Your Mind on Music
Music plays a huge role in our lives. Whether you are at a concert or listening to music on your ipod at
the gym, whether you are listening to classical music or rock music your brain is constantly processing
melodies, harmonies, and lyrics. But what makes music so enjoyable? Why do we seek out new music, and
listen to old favorites over and over again? What dictates our music choices—why do some people love
country music while others enjoy rap? At first music may seem unimportant, but in reality it is a
fundamental part of any culture. Recently researchers have begun to try to decipher the mystery that is
music, and our attraction to it.
The mental processes involved in listening to music are complex, “Your inner ear contains a spiral sheet
that the sounds of music pluck like a guitar string. This plucking triggers the firing of brain cells that make up
the hearing parts of your brain. At the highest station, the auditory cortex, just above your ears, these firing
cells generate the conscious experience of music. Different patterns of firing excite other ensembles of cells,
and these associate the sound of music with feelings, thoughts, and past experiences” (1). Emotion,
expectation, perception and memory are also involved in how we perceive music (2).
Music may even be biological, in the sense that certain hemispheres in the brain are more responsive to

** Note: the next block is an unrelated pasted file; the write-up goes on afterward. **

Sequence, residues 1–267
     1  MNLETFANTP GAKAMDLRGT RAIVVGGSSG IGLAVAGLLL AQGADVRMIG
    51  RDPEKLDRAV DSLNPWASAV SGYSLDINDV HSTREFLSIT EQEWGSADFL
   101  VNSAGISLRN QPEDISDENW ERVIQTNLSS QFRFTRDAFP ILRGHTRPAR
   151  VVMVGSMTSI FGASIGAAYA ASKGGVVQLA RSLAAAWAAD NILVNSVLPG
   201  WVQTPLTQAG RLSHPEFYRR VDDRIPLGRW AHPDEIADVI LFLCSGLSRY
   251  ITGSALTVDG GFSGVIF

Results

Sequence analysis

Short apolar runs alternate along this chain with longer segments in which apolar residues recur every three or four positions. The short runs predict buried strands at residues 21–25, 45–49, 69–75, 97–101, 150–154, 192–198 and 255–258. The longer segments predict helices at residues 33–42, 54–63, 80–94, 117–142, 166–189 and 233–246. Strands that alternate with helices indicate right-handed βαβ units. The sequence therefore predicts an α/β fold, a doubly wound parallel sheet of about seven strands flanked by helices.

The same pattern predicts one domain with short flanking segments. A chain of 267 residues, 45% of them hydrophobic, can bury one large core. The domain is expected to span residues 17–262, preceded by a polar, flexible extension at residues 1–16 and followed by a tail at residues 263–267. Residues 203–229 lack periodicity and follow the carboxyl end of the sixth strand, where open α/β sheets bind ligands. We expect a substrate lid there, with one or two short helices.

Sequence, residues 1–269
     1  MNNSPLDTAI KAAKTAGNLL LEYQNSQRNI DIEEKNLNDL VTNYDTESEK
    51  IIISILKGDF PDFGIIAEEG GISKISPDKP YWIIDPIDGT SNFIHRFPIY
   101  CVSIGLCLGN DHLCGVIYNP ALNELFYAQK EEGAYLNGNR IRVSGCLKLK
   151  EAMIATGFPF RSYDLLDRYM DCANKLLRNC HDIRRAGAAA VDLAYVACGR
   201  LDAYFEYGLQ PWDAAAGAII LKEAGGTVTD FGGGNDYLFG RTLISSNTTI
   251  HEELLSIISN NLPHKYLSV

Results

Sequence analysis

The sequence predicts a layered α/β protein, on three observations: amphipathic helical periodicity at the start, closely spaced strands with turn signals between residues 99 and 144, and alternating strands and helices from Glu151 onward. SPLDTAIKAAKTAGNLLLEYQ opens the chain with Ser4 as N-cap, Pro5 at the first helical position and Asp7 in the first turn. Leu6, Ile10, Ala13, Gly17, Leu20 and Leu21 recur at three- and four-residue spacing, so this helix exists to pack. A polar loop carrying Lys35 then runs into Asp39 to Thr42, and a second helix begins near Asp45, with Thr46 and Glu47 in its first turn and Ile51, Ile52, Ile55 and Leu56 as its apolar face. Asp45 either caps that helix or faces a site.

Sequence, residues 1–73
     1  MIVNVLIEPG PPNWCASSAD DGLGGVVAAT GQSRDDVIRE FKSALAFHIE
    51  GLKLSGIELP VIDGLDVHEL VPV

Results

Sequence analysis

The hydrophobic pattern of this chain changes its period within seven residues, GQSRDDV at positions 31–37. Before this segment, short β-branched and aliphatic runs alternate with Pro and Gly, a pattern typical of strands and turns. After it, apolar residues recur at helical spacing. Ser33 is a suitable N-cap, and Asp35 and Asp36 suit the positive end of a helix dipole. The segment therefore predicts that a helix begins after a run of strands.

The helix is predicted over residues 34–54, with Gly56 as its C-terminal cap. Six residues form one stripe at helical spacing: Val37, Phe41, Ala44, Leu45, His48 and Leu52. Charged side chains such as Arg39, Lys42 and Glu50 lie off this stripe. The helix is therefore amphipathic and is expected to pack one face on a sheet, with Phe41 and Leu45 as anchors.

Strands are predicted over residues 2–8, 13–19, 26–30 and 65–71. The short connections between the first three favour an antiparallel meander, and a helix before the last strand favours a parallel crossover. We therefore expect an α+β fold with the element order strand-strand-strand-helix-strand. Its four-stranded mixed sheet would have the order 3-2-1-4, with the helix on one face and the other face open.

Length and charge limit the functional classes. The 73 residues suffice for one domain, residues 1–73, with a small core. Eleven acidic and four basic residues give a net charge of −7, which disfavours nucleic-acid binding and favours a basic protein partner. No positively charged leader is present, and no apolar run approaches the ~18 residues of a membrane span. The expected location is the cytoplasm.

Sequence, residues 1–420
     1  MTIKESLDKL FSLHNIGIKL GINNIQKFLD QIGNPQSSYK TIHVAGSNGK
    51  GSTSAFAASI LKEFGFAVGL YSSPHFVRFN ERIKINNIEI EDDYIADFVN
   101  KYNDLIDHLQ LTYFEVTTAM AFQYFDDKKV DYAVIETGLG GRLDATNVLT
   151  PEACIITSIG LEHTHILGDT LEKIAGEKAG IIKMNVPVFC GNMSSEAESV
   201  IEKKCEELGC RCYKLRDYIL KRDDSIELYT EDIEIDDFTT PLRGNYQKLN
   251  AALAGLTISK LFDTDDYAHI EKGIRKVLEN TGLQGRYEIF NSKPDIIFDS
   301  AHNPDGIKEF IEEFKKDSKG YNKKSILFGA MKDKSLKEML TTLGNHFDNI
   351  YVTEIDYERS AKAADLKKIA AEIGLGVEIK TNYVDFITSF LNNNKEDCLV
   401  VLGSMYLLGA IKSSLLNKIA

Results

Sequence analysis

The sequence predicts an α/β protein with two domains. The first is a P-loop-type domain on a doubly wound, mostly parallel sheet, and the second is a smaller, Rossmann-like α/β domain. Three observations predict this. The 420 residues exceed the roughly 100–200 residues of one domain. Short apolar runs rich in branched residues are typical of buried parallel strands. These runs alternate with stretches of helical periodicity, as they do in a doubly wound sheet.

music than language. Music also helps exercise the brain, because listening to and playing music involve
different brain systems. Music can help with cognition, language skills, reasoning and creativity. Alzheimer’s
patients have been known to remember the tunes of songs and how to play them long after their memory
has deteriorated in an extreme way (3).
One explanation for the pervasive presence of music is that music evolved as a way for humans to
create communities and interact with one another. Music requires teamwork to create and can give a group
of people an identity. Evidence for the theory that music and sociability are connected can be found in two
forms of mental disorders. People suffering from Williams Syndrome are considered mentally retarded but
are highly social, highly musical and highly verbal whereas people who suffer from Autism are withdrawn and
have very limited verbal and musical skills (4).
That may explain why we enjoy music, but what about why our specific music taste? New research
suggests that our taste in music is defined by our culture. In other words, “Human musical preferences are
fundamentally shaped not by elegant algorithms or ratios but by the messy sounds of real life, and of speech
in particular -- which in turn is shaped by our evolutionary heritage…the explanation of music, like the
explanation of any product of the mind, must be rooted in biology” (5). A research study on musical tastes in
Britain found that there was a difference in the speed and genre of music preferred in the different regions of
Britain. This may have to do with the historical music tastes of the area, and groups of people immigrating to
specific areas. Urban areas have more diverse musical tastes, because they contain a more diverse group of
people. As access to music becomes easier through technology such as the Internet, location will probably
play a smaller factor in defining our musical tastes (6).
Although historically neuroscience research about music has been scarce, researchers are shifting their
beliefs and beginning to view music as an important part of our culture and identity. Music research has
become much more prolific, and studies have shown that music plays a significant role in cognitive
processes. We enjoy listening to music, and at the same time it is exercising our brain and keeping us
mentally active. I look forward to reading more research on this subject in the future, since I believe that
music is integral part of who we are as human beings.